A large swathe of northeast America continued to blanketed by snow Saturday as the death toll from icy conditions and frigid temperatures continued to rise.
The storm, which shut down major highways temporarily and grounded flights, was blamed for at least 16 deaths in the eastern half of the country in mostly traffic-related incidents. Three people, however, did die directly because of the extreme cold, officials said.
Snowfall had all but stopped by the weekend, and the low temperatures meant that it remained powdery and easy to move.
But plummeting temperatures that reached 8 degrees below zero in Burlington, Vt., with a wind chill of 29 below, and 2 degrees in Boston, with a wind chill of minus 20 continued into the weekend.
Though the snowstorm has largely passed, the Midwest is now bracing itself for a deep freeze on Sunday that could break record low temperatures.
The storm dumped 23 inches of snow in Boxford, Mass., and 18 inches in parts of western New York near Rochester. Thirteen inches of snow fell in Boston, while Lakewood, N.J., got 10 inches and New York City's Central Park got 6.
Slick roads were blamed for traffic deaths in Michigan, Kentucky, Indiana and Illinois. Authorities said a 71-year-old woman suffering from Alzheimer's froze to death after she wandered away from her rural western New York home.
As the storm approached, a worker at a suburban Philadelphia salt storage facility was killed when a 100-foot-tall pile of road salt fell and crushed him. Falls Township police said the man was trapped while operating a backhoe. There was no word on what may have caused the accident.
U.S. airlines canceled more than 2,300 flights because of snowfall and low visibility. John F. Kennedy Airport in New York City was closed because of weather conditions on Friday morning but has since reopened. However, there continue to be delays and cancellations at JFK and other area airports.
Amtrak planned to run trains on all its Northeast lines on Friday but on a modified schedule, spokeswoman Christina Leeds said.
Snow began falling overnight Wednesday in parts of New England and New York state, but the brunt of the storm began late Thursday.
The National Weather Service issued a blizzard warning for Cape Cod, coastal areas north and south of Boston and part of Maine as well as New York's Long Island.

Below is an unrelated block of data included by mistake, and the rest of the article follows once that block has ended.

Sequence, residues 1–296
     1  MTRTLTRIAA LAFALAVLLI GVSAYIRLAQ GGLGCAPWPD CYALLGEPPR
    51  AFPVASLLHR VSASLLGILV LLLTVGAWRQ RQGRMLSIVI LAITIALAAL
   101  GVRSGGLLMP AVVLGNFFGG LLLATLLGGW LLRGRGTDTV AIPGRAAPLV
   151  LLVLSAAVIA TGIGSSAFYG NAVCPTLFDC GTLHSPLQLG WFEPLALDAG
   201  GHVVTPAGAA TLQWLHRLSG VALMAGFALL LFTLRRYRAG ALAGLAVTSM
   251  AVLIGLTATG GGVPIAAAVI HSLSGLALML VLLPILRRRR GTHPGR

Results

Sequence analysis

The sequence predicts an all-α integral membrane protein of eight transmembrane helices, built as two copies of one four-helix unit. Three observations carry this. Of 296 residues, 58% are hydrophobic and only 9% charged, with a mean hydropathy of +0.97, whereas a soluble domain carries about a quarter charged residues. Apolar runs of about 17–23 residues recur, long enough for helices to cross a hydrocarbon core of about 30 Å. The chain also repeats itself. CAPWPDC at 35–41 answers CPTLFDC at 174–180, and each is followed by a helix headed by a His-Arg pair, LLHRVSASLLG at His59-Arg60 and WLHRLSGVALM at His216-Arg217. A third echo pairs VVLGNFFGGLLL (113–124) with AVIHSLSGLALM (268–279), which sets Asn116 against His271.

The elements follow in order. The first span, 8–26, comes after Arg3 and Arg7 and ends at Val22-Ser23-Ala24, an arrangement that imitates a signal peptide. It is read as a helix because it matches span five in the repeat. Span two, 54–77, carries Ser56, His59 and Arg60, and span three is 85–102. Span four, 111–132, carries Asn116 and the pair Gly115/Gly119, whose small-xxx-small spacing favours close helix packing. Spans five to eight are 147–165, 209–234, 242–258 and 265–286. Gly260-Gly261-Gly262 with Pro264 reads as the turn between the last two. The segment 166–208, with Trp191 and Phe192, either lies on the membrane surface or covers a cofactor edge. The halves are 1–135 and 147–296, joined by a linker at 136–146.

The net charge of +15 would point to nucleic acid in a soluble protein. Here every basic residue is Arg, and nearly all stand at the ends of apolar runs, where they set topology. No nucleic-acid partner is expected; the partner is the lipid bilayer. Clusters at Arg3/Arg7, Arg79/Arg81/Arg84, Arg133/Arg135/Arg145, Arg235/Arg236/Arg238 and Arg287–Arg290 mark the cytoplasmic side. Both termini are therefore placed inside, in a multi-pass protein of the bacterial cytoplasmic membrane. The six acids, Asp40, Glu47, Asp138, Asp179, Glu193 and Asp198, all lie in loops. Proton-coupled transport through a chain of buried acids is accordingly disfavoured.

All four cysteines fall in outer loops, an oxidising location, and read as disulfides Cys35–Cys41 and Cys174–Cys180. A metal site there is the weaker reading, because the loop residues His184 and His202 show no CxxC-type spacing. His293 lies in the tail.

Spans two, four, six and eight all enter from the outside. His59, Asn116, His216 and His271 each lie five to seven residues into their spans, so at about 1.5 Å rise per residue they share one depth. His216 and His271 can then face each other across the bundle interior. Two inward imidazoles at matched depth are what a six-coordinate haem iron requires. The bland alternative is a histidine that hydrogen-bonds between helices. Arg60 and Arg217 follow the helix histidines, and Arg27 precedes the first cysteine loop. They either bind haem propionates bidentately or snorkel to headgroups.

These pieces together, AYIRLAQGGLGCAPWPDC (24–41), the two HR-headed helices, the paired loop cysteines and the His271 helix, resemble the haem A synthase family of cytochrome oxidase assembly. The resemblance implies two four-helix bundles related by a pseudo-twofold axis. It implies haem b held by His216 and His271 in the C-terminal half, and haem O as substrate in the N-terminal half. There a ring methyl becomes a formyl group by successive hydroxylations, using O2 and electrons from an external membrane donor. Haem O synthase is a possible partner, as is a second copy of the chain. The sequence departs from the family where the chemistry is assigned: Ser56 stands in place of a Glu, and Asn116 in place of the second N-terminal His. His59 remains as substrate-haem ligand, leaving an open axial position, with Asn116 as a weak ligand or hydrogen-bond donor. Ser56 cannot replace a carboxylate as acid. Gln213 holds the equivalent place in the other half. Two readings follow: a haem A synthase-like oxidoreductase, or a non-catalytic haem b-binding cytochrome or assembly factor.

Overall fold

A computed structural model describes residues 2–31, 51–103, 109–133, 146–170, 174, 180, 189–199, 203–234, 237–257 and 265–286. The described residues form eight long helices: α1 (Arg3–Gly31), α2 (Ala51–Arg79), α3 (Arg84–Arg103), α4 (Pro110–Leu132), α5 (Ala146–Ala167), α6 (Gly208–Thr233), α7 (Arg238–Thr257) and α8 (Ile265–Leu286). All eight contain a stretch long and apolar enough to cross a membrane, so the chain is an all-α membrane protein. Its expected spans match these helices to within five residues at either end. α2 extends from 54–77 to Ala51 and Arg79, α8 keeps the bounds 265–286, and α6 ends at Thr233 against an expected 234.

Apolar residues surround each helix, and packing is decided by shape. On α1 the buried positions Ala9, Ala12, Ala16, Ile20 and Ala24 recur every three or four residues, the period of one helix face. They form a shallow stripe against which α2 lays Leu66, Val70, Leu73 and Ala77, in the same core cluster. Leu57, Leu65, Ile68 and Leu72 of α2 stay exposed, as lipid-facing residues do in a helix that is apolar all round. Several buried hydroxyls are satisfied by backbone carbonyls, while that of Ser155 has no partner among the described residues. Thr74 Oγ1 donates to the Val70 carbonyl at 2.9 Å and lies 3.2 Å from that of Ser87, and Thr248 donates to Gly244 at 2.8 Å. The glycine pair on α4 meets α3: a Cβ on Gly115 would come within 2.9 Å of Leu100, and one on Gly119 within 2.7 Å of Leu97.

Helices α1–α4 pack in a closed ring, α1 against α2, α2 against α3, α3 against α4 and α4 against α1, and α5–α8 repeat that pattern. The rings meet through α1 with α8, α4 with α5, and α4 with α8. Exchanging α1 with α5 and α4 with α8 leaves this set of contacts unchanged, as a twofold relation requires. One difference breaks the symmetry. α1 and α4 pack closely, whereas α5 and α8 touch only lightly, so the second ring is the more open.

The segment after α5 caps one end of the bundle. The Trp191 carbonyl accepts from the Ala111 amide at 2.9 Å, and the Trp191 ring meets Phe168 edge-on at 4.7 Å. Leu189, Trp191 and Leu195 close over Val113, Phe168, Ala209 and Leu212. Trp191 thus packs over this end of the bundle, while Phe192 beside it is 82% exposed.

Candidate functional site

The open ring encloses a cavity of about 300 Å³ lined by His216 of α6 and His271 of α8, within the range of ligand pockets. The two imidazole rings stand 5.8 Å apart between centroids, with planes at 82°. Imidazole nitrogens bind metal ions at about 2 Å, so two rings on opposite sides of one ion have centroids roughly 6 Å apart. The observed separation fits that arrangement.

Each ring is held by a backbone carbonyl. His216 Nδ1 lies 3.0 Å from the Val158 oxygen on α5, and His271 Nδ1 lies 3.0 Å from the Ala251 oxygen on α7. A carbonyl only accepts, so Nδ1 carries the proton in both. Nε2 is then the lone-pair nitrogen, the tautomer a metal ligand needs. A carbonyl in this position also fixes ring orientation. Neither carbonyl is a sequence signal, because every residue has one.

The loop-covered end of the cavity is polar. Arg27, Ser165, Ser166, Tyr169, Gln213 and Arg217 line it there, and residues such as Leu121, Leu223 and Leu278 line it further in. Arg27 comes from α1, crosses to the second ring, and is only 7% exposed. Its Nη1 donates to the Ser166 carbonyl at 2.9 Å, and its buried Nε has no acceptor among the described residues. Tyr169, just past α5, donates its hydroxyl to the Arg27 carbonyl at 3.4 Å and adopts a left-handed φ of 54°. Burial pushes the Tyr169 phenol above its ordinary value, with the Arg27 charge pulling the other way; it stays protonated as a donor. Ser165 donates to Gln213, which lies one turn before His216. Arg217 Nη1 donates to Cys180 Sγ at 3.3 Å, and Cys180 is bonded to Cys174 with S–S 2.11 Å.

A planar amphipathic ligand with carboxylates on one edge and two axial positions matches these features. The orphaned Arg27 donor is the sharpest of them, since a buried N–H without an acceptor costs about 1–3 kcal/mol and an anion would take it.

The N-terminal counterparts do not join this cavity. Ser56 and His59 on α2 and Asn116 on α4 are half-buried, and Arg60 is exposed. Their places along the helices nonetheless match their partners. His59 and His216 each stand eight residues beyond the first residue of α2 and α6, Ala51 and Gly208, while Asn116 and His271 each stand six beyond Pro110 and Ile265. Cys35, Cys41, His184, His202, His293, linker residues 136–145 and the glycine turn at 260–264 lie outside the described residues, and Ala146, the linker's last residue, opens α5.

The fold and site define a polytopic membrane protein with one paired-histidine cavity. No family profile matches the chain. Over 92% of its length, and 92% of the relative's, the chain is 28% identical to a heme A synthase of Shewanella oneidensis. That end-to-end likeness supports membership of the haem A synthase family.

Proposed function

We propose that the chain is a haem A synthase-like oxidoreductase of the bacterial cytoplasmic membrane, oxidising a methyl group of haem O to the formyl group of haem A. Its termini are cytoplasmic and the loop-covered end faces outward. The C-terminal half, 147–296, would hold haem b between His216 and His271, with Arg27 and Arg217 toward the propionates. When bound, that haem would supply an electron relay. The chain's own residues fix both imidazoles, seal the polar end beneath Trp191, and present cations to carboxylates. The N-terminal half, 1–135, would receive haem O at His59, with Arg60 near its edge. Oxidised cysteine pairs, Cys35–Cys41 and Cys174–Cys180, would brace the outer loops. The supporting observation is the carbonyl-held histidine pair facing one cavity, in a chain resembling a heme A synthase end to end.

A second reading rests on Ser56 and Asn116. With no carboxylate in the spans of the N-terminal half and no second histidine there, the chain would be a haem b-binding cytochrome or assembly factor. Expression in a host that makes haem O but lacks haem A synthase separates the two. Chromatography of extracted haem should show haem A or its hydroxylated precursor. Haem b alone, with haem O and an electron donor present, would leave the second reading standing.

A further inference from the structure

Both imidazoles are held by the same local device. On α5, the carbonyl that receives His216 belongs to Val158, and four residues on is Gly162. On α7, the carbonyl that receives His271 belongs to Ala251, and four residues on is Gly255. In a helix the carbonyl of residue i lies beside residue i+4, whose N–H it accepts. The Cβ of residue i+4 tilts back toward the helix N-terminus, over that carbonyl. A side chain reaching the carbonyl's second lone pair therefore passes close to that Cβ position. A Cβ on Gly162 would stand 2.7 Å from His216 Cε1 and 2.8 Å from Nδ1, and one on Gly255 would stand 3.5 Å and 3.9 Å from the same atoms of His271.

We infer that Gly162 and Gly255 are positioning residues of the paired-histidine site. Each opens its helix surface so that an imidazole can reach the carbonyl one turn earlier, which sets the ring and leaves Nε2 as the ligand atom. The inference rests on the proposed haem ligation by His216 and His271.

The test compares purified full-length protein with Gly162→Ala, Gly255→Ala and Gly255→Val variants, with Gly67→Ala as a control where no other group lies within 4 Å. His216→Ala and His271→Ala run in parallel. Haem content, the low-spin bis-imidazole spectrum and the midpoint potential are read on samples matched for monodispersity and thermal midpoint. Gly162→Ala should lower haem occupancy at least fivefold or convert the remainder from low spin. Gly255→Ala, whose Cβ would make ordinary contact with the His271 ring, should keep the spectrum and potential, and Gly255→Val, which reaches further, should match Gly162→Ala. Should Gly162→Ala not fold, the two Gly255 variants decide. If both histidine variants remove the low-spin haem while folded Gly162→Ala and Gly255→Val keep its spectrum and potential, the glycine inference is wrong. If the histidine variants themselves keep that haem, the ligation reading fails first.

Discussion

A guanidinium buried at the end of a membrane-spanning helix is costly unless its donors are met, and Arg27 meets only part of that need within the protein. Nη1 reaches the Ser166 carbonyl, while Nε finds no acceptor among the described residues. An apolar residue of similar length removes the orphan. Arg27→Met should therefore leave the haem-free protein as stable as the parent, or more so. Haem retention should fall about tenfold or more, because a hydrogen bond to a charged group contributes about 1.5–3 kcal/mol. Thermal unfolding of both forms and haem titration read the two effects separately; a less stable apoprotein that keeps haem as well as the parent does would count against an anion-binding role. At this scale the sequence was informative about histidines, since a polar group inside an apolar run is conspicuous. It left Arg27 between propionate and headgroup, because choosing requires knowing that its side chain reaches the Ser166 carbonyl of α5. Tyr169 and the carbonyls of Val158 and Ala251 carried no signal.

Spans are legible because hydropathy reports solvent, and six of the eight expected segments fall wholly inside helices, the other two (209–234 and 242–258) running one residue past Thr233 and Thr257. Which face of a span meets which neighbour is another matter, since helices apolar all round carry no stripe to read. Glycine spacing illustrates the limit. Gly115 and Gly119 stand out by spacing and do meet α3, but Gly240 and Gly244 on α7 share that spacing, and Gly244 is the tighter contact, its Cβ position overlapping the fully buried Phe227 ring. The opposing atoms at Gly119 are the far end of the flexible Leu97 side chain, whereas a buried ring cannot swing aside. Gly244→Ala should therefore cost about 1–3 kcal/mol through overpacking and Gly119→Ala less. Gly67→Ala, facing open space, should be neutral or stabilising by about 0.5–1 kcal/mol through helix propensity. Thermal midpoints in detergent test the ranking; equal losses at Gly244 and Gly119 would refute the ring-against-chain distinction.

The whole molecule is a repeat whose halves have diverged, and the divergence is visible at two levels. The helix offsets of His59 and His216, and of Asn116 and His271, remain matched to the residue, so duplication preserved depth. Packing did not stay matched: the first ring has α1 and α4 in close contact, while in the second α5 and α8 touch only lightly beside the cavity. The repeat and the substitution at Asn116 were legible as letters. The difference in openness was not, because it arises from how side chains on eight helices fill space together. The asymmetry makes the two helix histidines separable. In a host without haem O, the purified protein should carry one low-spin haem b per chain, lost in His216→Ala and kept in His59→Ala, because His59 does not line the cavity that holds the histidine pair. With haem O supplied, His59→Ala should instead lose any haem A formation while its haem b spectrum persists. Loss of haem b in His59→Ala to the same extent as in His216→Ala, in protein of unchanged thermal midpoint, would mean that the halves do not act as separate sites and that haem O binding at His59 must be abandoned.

Massachusetts Gov. Deval Patrick said state offices that closed early Thursday would remain closed on Friday. He also said National Guard members and state police were on standby for any high-tide flooding in vulnerable coastal areas, but no mandatory evacuations were ordered.
New York Gov. Andrew Cuomo ordered three major highways in his state, from Long Island to Albany, closed overnight. Those highways have since been reopened. He has declared a state of emergency, as has New Jersey Gov. Chris Christie.
The heavy weather began rolling in just a day after New York Mayor Bill de Blasio was inaugurated to lead the nation's largest city and shortly before Boston Mayor Thomas Menino ends 20 years in office on Monday.
De Blasio, who as public advocate in 2010 criticized then-Mayor Michael Bloomberg for his handling of a large snowstorm, dispatched hundreds of plows and salt spreaders on the streets as soon as the snow started falling Thursday night.
On Friday, he hailed the city's sanitation workers for their efforts, but cautioned residents to take a safety-first approach as roads continue to be cleared.
"Even though the snow has ended, the travel conditions are obviously still very, very difficult," de Blasio said at a news conference Friday morning. "The most important thing is that people should not be on the roads today if there’s any way they can help it."
Many schools across the Northeast were closed Friday as a result of the storm, including all New York City public schools.
On Thursday, outreach teams worked to get homeless people off the frigid streets of New York City and Boston. Staff members at Boston's Pine Street Inn shelter were keeping it open 24 hours and said they would not turn anyone away, even if it meant setting up extra cots in lobbies and other common areas.
The snowstorm worked its way east from the Midwest, where it dropped up to a foot of snow on Michigan and more than a foot in parts of Illinois, prompting the cancellation Thursday of hundreds of flights at both Chicago airports.
Nearly 17 inches of snow fell in some of Chicago's northern suburbs, and more than 12 inches was recorded at Midway International Airport.
Al Jazeera and The Associated Press